January is around the corner and most individuals are reviewing their professional goals and development plans for the coming year. In the past, these annual goals may have been linear and inspired by natural paths for career progression. However, the events of the past year have made it apparent the focus should shift to more agile goals and account for a professional reality that continues to blur into personal responsibilities and home life.
Recently, I had the opportunity to hear future-of-work strategist Heather McGowan speak. For years, she has been writing on the changes happening in the working world and the importance of connecting ourselves to a sense of purpose, rather than measuring success by job titles. Additionally, becoming comfortable with ambiguity and vulnerability is key in order to learn and adapt at a rapid pace. This is perhaps more important than ever before, as individuals work to set meaningful goals for the new year, in an uncertain and volatile time.
While goal setting likely looks different this year, there are a few areas you can focus on to grow transferable skills and prepare for whatever 2021 has in store.
How can you use this year to best set yourself up for a largely unknown future? Embrace continual learning and upskilling, rather than titles and seniority. Perhaps this is the year you seek out mentors and spend time positioning yourself for a future next step. How can you build better relationships with key individuals in your company? Is there a way you can help create organization-wide impact, such as volunteering for emerging committees? Which of your previous longer term goals need to be adjusted to remain relevant? Be creative and innovative while looking for areas of opportunity the past year has created.
Focus on soft skills.
Perhaps last year you had plans to take additional exams, build your credentials or spearhead new projects. While this is still possible, focusing on soft skills is also vital for career success in 2021. The past year introduced many of us to a completely virtual working world. Zoom meetings became the norm and impromptu hallway conversations were nonexistent. Being able to build working relationships in the remote environment is no longer optional. Even as individuals begin to return to the office, remote interactions will remain frequent and the ability to effectively communicate through a screen and via written communication is vital.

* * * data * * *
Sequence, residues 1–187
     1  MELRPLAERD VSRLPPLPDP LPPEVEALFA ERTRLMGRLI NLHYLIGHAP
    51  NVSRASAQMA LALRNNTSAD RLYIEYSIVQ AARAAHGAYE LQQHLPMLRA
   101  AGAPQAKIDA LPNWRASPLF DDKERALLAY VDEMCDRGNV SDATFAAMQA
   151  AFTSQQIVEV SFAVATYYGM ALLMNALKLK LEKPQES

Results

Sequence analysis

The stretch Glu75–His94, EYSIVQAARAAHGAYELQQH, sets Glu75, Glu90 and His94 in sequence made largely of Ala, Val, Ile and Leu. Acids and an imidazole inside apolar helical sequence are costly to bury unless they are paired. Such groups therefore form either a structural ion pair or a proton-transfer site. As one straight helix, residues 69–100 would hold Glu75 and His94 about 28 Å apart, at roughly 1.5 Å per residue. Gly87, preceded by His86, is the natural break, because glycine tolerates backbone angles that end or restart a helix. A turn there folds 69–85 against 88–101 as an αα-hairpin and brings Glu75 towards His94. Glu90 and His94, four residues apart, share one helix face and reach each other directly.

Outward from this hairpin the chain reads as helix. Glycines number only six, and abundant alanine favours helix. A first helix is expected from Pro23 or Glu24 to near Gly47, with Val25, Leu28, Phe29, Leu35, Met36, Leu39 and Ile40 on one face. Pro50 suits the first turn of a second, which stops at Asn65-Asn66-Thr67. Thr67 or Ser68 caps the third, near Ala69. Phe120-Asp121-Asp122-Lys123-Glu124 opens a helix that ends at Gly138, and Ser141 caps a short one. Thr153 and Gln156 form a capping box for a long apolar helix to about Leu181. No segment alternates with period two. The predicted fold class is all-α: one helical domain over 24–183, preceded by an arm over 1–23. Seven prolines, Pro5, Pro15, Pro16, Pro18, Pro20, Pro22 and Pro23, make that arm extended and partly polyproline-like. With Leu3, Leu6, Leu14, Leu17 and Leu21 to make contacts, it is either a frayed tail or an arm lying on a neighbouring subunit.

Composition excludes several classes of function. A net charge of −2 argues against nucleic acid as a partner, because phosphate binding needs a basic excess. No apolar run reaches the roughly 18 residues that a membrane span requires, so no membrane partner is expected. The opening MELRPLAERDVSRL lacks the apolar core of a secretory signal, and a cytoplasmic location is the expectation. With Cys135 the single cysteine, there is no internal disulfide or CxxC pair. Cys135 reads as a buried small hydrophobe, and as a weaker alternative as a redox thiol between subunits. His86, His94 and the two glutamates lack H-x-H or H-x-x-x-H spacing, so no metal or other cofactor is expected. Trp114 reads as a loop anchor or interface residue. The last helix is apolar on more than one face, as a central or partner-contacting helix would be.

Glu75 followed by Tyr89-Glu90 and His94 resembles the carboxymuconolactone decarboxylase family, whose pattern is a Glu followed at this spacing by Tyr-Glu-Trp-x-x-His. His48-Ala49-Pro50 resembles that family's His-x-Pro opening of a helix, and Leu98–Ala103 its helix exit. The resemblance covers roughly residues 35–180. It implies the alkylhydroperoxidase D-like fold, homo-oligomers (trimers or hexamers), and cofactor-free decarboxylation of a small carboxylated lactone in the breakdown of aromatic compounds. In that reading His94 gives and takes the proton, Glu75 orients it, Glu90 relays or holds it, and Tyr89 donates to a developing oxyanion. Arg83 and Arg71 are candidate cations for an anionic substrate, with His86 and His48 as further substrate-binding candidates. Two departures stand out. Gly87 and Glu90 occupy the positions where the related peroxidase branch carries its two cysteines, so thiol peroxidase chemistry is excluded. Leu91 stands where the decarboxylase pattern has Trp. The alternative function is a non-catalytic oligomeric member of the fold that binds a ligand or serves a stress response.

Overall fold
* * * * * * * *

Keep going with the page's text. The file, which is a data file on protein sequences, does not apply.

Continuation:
Incorporate ways to build soft skills into your 2021 goals. This could include honing your active listening skills, emotional intelligence, leadership skills and more. Seek out feedback from trusted colleagues and mentors to consider the best way to strengthen these skills. Sit in on virtual meetings with those who have mastered specific skills, read relevant books or ask for feedback from colleagues. Work with your manager, mentors and others in your professional network to determine the skills that will have the largest impact in your current role and the ones you’ll need to master to advance.
Build a plan around productivity.
Now that we’re adjusting to the next normal, reevaluate how you can be most productive moving forward. If you focus best at night, with no distractions, but need the mornings to get your kids situated in online learning, bring it up to your manager. Perhaps there is a way to adjust your hours or flex your schedule so you can be most effective. If you are having difficulty with your internet connection or would benefit from multiple screens, don’t hesitate to be your own advocate and ask for the resources that will enable you to be most productive.
How are you setting yourself up for success at the beginning of your day? If back-to-back meetings aren’t possible with young children at home, build breaks into your calendar. Schedule specific project time during the day to ensure you’re able to hit important deadlines, rather than letting less vital meetings fill your calendar. Determine how long you can focus and be effective before taking a break, and then schedule time to walk away for a few minutes and refresh.
Give yourself grace.
For many of us, the first few months of the pandemic were focused simply on survival. While professionals are settling into these new routines, parents are still juggling work schedules with virtual school. Those living alone are finding ways to counteract feelings of loneliness and isolation. Some are faced with family members, friends or themselves battling health issues, while others are taking financial hits. The pandemic has impacted everyone and created a new level of authenticity and connection. Offer yourself the same grace and empathy you’ve been extending to others.
If you haven’t made the professional progress you set out to achieve at the beginning of 2020, it’s ok. Focus on your ability to adapt to change, to refocus your priorities and to help teammates move forward. Perhaps you worked long days and 50-60 hour weeks prior to the pandemic. If that’s not possible now, know that you are doing your best and make the most of the hours you are working. For many, it may be important to rebuild your professional identity within the current landscape.
The coming year will offer its own set of challenges and opportunities. Take a step back as you goal-set for 2021 and consider the skills that will help you be successful and productive. Be open with your manager, ask questions, and be authentic and proactive in developing future-focused goals.